The U.S. Labor Department has cleared Infosys Ltd of any wrongdoing and closed its investigation after American technology workers at Southern California Edison complained their jobs were wrongfully outsourced to foreigners working on H-1B visas, Infosys has confirmed.
“Infosys fully cooperated with the (Department of Labor) in this activity,” the company told Reuters in a statement, noting the company was confident from the start that it had complied with U.S. immigration laws.
The Labor Department is still investigating similar complaints by U.S. workers into Tata Consultancy Services Ltd., a second IT firm hired by Southern California Edison, and HCL Technologies, an IT firm that Disney hired last year as part of a restructuring of its Orlando-based IT division, a department spokesman said.
H-1B visas are often used by the technology sector to bring highly skilled foreign guest workers to the U.S. Critics say the laws governing the visas are lax, and make it too easy to replace U.S. workers with cheaper, foreign labor.
Separately, the Justice Department is looking at whether HCL, Tata, Infosys, Disney and Southern California Edison discriminated against U.S. workers on the basis of citizenship, according to a person familiar with the matter.
The review, which may not become a formal investigation, was sparked after the Labor Department referred complaints it had received from workers.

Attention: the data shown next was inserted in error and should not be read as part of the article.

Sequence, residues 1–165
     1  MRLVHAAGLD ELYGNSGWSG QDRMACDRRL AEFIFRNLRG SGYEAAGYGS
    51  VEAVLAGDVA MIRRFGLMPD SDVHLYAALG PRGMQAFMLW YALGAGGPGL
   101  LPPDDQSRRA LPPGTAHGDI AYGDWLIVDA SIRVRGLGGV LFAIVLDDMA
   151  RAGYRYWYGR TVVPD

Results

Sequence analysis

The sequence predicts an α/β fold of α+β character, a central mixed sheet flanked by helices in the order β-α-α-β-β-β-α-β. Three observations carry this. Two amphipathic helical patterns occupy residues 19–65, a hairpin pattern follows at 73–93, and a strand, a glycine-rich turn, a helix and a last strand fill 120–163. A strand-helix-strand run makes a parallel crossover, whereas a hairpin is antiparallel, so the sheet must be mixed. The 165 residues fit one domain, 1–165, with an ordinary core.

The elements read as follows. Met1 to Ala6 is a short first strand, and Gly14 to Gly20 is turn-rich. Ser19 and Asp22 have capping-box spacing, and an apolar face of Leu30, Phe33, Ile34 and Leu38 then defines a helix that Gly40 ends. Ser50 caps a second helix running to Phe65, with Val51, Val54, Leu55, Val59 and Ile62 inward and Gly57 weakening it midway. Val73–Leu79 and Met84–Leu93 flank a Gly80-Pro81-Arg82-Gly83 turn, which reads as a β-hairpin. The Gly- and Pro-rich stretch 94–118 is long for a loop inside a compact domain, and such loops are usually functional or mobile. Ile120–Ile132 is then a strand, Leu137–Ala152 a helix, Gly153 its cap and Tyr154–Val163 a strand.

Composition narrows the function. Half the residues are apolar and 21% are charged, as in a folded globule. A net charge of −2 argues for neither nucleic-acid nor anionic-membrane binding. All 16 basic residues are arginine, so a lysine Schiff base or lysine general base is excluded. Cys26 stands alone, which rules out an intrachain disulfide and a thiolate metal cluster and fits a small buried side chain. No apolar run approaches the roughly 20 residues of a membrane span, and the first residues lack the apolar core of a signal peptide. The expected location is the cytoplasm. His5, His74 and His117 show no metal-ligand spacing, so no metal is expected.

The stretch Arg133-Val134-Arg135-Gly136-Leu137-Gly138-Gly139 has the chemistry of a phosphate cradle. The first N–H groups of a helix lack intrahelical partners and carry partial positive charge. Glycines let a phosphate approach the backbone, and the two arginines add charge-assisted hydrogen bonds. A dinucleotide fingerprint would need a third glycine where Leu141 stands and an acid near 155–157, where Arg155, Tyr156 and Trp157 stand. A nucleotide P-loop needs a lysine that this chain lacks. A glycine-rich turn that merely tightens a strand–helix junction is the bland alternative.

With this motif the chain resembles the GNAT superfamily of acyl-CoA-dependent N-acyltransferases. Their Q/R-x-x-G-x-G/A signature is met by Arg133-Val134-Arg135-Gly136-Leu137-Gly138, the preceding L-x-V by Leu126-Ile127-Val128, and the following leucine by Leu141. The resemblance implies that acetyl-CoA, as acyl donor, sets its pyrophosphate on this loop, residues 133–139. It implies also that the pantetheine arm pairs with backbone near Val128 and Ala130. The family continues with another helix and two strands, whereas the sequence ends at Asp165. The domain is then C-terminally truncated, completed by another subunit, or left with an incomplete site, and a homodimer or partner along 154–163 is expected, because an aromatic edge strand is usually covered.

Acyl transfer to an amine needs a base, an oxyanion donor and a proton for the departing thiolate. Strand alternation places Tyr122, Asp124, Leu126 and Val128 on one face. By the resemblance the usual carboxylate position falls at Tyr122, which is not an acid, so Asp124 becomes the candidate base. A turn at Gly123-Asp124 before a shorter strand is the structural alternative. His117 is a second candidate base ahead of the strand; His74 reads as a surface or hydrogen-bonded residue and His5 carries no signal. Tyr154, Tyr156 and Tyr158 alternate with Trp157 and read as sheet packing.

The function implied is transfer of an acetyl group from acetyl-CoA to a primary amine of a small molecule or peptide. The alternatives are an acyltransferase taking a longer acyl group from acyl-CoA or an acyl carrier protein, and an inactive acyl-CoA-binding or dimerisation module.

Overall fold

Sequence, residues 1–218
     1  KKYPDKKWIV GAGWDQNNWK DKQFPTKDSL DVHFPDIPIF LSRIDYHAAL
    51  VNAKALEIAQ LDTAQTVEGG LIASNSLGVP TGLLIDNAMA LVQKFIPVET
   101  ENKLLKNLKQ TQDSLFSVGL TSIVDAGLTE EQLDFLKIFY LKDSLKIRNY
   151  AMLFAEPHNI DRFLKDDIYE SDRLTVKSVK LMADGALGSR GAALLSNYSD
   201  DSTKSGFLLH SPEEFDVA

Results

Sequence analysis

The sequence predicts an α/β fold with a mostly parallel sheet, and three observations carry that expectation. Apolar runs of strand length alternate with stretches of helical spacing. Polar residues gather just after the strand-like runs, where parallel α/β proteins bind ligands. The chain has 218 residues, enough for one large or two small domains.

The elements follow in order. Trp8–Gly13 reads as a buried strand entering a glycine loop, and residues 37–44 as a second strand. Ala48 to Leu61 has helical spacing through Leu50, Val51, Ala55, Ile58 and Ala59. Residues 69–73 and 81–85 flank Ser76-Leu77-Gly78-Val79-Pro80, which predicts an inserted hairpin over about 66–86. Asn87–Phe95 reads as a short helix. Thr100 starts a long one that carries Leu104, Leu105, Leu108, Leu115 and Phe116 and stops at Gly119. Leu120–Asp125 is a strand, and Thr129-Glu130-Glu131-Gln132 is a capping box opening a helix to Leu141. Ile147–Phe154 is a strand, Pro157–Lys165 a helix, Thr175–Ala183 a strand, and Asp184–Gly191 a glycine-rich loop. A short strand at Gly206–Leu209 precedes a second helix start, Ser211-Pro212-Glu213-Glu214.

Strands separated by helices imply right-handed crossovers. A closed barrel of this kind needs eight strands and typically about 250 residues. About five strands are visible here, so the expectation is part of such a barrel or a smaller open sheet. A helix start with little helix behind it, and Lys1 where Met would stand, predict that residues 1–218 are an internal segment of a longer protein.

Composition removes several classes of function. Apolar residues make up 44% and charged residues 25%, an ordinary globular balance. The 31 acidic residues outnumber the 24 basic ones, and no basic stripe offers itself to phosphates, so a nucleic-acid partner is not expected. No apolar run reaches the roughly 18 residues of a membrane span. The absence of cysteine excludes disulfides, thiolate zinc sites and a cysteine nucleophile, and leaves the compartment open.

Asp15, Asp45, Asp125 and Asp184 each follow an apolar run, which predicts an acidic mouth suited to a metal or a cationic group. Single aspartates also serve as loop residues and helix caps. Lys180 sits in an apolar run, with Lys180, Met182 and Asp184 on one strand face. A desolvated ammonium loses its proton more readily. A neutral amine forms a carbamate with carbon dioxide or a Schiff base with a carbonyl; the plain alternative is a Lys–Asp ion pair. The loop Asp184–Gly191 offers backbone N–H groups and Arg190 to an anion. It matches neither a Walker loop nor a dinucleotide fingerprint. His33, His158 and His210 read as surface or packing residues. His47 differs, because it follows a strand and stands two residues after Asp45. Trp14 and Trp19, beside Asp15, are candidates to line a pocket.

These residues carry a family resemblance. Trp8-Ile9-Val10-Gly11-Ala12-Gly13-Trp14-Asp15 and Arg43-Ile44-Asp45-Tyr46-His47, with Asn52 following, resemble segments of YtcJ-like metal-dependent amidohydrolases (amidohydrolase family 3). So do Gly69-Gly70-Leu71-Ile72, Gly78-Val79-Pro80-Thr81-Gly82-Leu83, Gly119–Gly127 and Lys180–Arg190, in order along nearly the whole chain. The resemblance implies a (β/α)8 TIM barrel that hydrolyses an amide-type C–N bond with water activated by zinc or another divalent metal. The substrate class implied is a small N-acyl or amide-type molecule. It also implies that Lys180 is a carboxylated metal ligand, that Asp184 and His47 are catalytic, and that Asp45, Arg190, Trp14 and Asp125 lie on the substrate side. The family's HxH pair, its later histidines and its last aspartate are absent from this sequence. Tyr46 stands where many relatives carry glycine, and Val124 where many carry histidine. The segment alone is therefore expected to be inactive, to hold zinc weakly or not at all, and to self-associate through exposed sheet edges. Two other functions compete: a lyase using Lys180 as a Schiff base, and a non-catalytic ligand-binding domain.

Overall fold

Infosys said it had not received “any indication” of a review by the Justice Department.
The scrutiny by U.S. officials comes after the New York Times and other publications reported that laid-off American IT workers at Disney and Southern California Edison were being forced to train their H-1B replacements in order to receive severance.
Tata said the company is cooperating with the Labor Department’s ongoing probe and is “fully compliant” with U.S. immigration laws. Southern California Edison said its contracts with Infosys and Tata require both firms to follow all “applicable laws.”
Disney declined to comment on the U.S. government reviews. A spokesman said the company’s IT restructuring has led to a net increase of about 70 new in-house jobs. HCL declined to comment.
The lay-offs have prompted an outcry from some U.S. senators, several of whom also called for probes into abuses.
Companies such as Infosys that have a workforce composed of 15 percent or more H-1B workers are required to try recruiting U.S. workers first and attest they are not displacing Americans.
But they are exempt from these requirements if they pay H-1 B workers more than $60,000 or hire those with a graduate degree.
Experts who have studied federal H-1B pay data say that in the vast majority of cases H-1B workers are paid more than $60,000, complicating enforcement of discrimination claims by the Justice Department or wrongful displacement at the Labor Department.
Further, the Labor Department cannot launch an investigation into alleged H-1B visa abuses unless it receives a complaint from a worker or credible third party.
“Qualified American workers are going to keep getting replaced by less expensive foreign workers,” said Iowa Republican Senator Charles Grassley, one of several lawmakers planning to introduce a bill this year to bolster the Labor Department’s powers.
“Current law hamstrings the Labor Department so bad actors go unchecked.”